The Senior Moment has become the Google moment, and it has a much nicer, hipper, younger, more contemporary sound, doesn’t it? By handling the obligations of the search mechanism, you almost prove you can keep up. You can delude yourself that no one at the table thinks of you as a geezer. And finding the missing bit is so quick. There’s none of the nightmare of the true Senior Moment—the long search for the answer, the guessing, the self-recrimination, the head-slapping mystification, the frustrated finger-snapping. You just go to Google and retrieve it.
You can’t retrieve your life (unless you’re on Wikipedia, in which case you can retrieve an inaccurate version of it).
But you can retrieve the name of that actor who was in that movie, the one about World War II. And the name of that writer who wrote that book, the one about her affair with that painter. Or the name of that song that was sung by that singer, the one about love.
You know the one.
I’m sure we all recognize ourselves in this one:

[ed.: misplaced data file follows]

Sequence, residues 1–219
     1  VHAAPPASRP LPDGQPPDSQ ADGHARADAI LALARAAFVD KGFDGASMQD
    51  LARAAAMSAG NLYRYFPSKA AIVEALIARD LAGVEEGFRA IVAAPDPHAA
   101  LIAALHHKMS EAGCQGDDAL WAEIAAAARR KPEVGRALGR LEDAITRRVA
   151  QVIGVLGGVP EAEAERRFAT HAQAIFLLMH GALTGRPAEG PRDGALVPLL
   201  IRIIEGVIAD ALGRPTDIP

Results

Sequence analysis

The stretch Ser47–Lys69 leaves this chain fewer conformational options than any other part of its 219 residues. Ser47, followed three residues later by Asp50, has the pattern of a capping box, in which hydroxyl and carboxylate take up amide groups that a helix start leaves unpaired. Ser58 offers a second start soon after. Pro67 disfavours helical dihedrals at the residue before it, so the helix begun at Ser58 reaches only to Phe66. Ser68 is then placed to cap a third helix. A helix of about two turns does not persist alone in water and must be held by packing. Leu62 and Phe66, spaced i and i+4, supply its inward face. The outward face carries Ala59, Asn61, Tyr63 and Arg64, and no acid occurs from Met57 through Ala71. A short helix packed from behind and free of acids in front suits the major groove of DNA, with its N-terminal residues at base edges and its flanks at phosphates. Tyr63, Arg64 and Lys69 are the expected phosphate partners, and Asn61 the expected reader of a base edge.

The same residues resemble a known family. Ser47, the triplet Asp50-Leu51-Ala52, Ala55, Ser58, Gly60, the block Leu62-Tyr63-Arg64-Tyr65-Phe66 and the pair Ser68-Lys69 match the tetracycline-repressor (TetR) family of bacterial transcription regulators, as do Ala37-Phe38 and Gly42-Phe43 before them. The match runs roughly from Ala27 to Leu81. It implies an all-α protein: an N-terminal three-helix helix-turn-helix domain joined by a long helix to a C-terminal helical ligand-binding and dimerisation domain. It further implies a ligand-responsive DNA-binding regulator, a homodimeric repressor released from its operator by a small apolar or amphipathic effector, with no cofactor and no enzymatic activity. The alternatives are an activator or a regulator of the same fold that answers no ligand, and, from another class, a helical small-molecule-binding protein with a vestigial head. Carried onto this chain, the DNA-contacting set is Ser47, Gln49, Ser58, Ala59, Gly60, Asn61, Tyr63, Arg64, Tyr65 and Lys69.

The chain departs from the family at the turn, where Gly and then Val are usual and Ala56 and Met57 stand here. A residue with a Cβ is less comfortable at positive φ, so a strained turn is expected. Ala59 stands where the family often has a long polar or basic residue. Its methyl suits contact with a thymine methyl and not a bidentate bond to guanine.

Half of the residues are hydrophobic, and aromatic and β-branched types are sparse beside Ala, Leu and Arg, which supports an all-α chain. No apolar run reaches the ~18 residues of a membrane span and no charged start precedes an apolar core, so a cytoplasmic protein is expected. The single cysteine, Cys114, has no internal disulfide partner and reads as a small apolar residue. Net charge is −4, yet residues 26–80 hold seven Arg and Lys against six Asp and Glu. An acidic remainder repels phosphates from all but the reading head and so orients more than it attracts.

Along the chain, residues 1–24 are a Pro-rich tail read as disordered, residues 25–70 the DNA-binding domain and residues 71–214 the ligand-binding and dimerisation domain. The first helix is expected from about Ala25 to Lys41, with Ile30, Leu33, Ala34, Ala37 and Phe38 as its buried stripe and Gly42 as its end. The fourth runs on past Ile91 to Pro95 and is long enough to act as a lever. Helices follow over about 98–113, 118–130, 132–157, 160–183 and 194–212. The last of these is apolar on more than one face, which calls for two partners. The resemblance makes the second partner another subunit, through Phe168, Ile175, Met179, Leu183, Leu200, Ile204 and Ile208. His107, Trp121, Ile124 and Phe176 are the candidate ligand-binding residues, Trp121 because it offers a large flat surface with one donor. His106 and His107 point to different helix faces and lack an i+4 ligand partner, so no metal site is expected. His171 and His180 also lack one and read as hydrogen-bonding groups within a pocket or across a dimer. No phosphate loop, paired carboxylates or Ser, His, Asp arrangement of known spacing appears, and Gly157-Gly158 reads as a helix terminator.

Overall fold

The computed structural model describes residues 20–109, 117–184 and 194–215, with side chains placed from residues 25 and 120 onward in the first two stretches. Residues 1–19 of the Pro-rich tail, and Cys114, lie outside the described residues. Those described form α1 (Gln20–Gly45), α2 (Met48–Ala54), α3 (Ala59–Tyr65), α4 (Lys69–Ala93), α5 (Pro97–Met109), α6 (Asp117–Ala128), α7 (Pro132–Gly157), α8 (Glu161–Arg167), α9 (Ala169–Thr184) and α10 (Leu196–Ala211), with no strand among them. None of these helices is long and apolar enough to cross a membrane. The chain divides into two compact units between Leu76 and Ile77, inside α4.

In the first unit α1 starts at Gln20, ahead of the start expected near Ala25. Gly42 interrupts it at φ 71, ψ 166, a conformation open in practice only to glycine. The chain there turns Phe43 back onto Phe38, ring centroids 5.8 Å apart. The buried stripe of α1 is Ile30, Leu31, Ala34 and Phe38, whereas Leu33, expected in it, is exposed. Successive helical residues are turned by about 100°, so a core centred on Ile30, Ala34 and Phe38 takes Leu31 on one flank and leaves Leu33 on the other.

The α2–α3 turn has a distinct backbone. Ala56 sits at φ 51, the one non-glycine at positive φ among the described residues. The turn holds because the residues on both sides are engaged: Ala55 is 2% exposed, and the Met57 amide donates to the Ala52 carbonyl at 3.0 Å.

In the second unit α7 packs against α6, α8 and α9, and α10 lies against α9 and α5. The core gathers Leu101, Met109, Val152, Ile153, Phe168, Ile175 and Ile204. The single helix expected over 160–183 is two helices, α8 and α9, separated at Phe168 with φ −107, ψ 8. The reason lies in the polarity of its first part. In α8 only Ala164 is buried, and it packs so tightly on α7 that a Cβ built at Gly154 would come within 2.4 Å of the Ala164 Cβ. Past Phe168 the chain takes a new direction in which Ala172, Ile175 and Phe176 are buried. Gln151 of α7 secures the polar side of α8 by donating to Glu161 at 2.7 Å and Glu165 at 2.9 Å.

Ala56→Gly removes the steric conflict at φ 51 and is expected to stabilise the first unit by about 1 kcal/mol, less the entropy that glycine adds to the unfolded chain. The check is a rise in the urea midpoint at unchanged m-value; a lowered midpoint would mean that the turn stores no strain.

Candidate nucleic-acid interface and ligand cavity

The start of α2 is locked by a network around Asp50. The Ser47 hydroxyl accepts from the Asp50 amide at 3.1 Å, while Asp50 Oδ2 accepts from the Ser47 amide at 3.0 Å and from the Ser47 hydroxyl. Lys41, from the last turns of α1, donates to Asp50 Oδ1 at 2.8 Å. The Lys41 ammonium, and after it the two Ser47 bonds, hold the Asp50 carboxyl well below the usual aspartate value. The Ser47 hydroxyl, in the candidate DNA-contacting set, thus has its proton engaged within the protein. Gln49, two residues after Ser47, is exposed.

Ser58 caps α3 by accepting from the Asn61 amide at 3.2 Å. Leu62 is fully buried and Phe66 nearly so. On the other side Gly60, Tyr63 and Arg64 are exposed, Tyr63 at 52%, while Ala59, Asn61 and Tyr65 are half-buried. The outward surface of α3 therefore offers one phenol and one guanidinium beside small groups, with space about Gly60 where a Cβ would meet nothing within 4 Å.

I know you. I know you well. It’s true I always have a little trouble with your name, but I do know your name. I just don’t know it at this moment. We’re at a big party. We’ve kissed hello. We’ve had a delightful conversation about how we are the last two people on the face of the earth who don’t kiss on both cheeks. Now we’re having a conversation about how phony all the people are who do kiss on both cheeks. Ha ha ha ha ha ha. You’re so charming. If only I could remember your name. It’s inexcusable that I can’t. You’ve been to my house for dinner. I tried to read your last book. I know your girlfriend’s name, or I almost know it. It’s something like Chanelle. Only it’s not. Chantelle? That’s not it either. Fortunately, she isn’t here, so I haven’t forgotten both of your names. I’m becoming desperate. It’s something like Larry. Is it Larry? No, it’s not. Jerry? No, it’s not. But it ends in a Y. Your last name: three syllables. Starts with a C. Starts with a G? I’m losing my mind. But a miracle occurs: the host is about to toast the guest of honor. Thank God. I can escape to the bar.